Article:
When Moises Mischne, a young Jewish boy from Mexico City, was planning his Bar Mitzvah trip to Israel, he probably wasn’t aware of what an incredible Mitzvah he would be doing at the Hadassah Ein Kerem Hospital in Jerusalem. Moises, whose hobby is to do magic, simply knew he would do a couple of tricks for some children. And indeed, on December 24th 2013, Moises became the illusionist who created the magic of bringing joy and smiles to sick children being treated at Hadassah.

Moises is the grandson of Ruben and Toby Mischne, generous donors from Mexico City who have supported the construction of the new Sarah Wetsman Davidson Hospital Tower at Hadassah Ein Kerem. Ruben and Toby are also very important supporters of Hadassah’s activity in Mexico and play an important role in leading the effort in Mexico to help complete the construction and equipment of the Tower.

During the visit, Moises was accompanied by his grandparents from both sides of the family in addition to another 20 members of his extended family. Among them were several children of different ages, for whom meeting sick children in Hadassah was their first opportunity to put into practice the mitzvah of Bikkur Cholim, visiting the sick.

The visit started at the Mother and Child Center, where the Mexican group was welcomed by a mixed crowd of children who are hospitalized at Hadassah. The welcoming group was an illustrative picture of what Hadassah represents: an Arab boy from East Jerusalem next to another boy from the ultra-orthodox Mea Shearim neighborhood. They had prepared cards to congratulate Moises and his family, filled with beautiful drawings and messages they wanted to send to their new Mexican friends. But they were surprised to find out that the “Bar Mitzvah Boy” and his younger sister, Vanesa, were also there to give them a few minutes of joy.

Moises and Vanesa asked some of the Hadassah children to volunteer for the magic tricks and both the Arab boy and the boy from Mea Shearim volunteered. They moved forward with their standing drips and wheelchairs, to become part of a short magic show performed with translation from Spanish to both Hebrew and Arabic. Applause broke out, and for one moment, they were just all one family celebrating, regardless of backgrounds and geography.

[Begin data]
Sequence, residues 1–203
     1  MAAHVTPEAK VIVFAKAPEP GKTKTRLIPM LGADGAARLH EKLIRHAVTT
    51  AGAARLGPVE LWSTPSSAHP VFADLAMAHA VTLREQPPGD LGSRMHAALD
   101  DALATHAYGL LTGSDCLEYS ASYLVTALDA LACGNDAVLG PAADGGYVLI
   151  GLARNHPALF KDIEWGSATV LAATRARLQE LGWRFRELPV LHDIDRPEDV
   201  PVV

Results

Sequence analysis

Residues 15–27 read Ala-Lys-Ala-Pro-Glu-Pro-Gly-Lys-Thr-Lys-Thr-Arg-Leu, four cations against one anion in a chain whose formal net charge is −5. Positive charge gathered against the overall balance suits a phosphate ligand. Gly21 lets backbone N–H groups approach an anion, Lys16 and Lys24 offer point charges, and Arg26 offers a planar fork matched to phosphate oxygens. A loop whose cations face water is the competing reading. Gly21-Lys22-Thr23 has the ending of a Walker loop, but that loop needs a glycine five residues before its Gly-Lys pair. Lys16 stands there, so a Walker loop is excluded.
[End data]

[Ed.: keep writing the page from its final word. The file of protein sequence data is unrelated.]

The children who had come from Mexico then entered the Pediatric Ward to distribute presents they had brought from home: typical Mexican dolls — something that would make the kids in Hadassah remember their visitors from a far away country across the sea.

Leaving the Mother and Child Center, the whole Mexican group stopped to view the plaque that recognizes the contribution of the Mischne family to Hadassah. It was a moving moment for the three generations of the family to be together, celebrating the joy of giving.

As they walked to the new Sarah Wetsman Davison Tower, one of the family members said: “What we just did at the Mother and Child Center, we should do 365 days a year. I am so moved. I am carrying back with me a message to all my people in Mexico: if you want to do Tzedakah, this is THE place to do it”.

Following a short tour of the new Tower, the Mishne family completed their visit at the Moses Saba Synagogue, the new Synagogue at Hadassah that was built through the generous support of another Mexican family, Alberto and Vicky Saba.

Moises stood up in the middle of the synagogue to make a final short speech. Looking at his parents, grandparents and all other members of his family he said: “Thank you for being always with me, I know you will be with me always, both in good times and bad times. I hope that the children we met earlier today know that we will always be with them too.”

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